God Replies to Isaiah’s Prayer
God is not secretive. As far as human history is concerned, he has no classified documents, and he springs no surprises. People can be confident that God is God, because he announces his actions well in advance. Isaiah in chapters 63 through 64 prayed an ardent plea for God’s favorable return and blessing upon Israel, his collective people. Immediately, in chapter 65, God replies to Isaiah’s prayer of intercession. For anyone with ears to hear, his answer is not encouraging for the majority of the nation. He did not hide his heart. So, what did God say?
Summary of God’s Reply
God replies to Isaiah’s prayer with four statements.
1. He will reveal himself openly to Gentiles (Septuagint Isaiah 65:1).
2. He will reward those who disdain him with fruit befitting their evil ways (Septuagint Isaiah 65:2-7, 11-12).
3. He will spare the faithful remnant (Septuagint Isaiah 65:8-10).
4. He will call his servants by a new name (Septuagint Isaiah 65:15).
God Will Reveal Himself to Gentiles
LXE Isaiah 65:1 I became manifest to them that asked not for me; I was found of them that sought me not: I said, Behold, I am here, to a nation, who called not on my name.
ESV Isaiah 65:1 I was ready to be sought by those who did not ask for me; I was ready to be found by those who did not seek me. I said, “Here I am, here I am,” to a nation that was not called by my name.
Paul the Apostle is the best interpreter of Isaiah I know. His quotation of Septuagint Isaiah 65:1 appears embedded in a long discussion concerning the failure of Israel as a whole to receive (welcome) the earthly appearance of God’s Servant/King/Messiah in the flesh, Jesus Christ of Nazareth.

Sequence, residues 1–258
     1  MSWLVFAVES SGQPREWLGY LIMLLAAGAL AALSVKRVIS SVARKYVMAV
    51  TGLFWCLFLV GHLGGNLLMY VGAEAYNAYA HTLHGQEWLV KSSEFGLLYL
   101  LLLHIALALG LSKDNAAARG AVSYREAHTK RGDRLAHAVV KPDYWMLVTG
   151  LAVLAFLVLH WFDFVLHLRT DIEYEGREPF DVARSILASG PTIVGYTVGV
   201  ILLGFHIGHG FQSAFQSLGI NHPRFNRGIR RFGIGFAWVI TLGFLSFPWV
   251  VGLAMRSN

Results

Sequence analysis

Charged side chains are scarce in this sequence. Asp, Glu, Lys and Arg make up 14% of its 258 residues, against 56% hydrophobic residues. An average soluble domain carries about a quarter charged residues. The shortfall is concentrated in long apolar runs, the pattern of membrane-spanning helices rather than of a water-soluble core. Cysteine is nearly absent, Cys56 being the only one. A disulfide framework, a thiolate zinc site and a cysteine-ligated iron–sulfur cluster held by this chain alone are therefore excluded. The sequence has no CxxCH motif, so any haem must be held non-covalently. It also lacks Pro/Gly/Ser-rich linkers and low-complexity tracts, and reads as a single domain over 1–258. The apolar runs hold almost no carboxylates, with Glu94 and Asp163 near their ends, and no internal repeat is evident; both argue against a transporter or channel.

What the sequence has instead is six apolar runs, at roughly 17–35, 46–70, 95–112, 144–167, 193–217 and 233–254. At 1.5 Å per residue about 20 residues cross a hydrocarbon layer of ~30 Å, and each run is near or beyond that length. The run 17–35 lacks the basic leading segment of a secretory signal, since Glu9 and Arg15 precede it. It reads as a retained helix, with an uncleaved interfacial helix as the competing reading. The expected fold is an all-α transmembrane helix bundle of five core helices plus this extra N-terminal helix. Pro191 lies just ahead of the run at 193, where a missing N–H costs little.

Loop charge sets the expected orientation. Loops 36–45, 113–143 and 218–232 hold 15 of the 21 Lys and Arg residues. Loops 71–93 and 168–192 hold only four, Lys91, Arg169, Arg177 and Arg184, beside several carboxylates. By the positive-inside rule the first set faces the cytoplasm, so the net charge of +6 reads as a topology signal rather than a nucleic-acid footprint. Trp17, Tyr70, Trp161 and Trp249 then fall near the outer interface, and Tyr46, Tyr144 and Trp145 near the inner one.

Romans 10:20 Then Isaiah is so bold as to say, “I have been found by those who did not seek me; I have shown myself to those who did not ask for me.” (ESV)
Paul writes concerning the entire chapter of Isaiah 65 in Romans 9 through 11. In these chapters, Paul makes clear that salvation comes through God’s Servant Christ alone. And, he speaks clearly that God’s people are those who demonstrate faith in Christ. Ethnicity no longer matters. God’s mercy will extend to everyone of any ethnicity (Israelites included), who come to him through faith in his Servant, Jesus Christ. If any unbeliever of any ethnicity repents, they will be received by God and included in his mercy (Romans 11:30-32).
John the Apostle also clarifies that God receives those who believe on the Son. God no longer favors ethnicity.
John 1:11 He came to his own, and his own people did not receive him. 12 But to all who did receive him, who believed in his name, he gave the right to become children of God, 13 who were born, not of blood nor of the will of the flesh nor of the will of man, but of God.
Isaiah 65 Not Predominately About Gentiles
When God replies to Isaiah’s prayer, he announces one of the largest shifts in all human history in a single verse. Nevertheless, God’s presenting himself to Gentiles is not the focus of chapter 65. Isaiah as a whole gives much space to inclusion of Gentiles among God’s favored people. Chapter 65, however, is not where he does so (1). In chapter 65, God responds to Isaiah’s heartfelt intercessory prayer by opening up his own heart concerning his ancient people Israel.
1 Readers can find verses concerning Gentiles in Septuagint Isaiah 2:2; 11:10,12; 25:6-7; 42:1, 4, 6; 49:1, 6, 8, 22; 51:4-5; 52:15; 54:1-3; 55:4-5; 56:3-8; 59:19; 60:1-11, and 16.
…next time, Lord willing, God’s negative rewards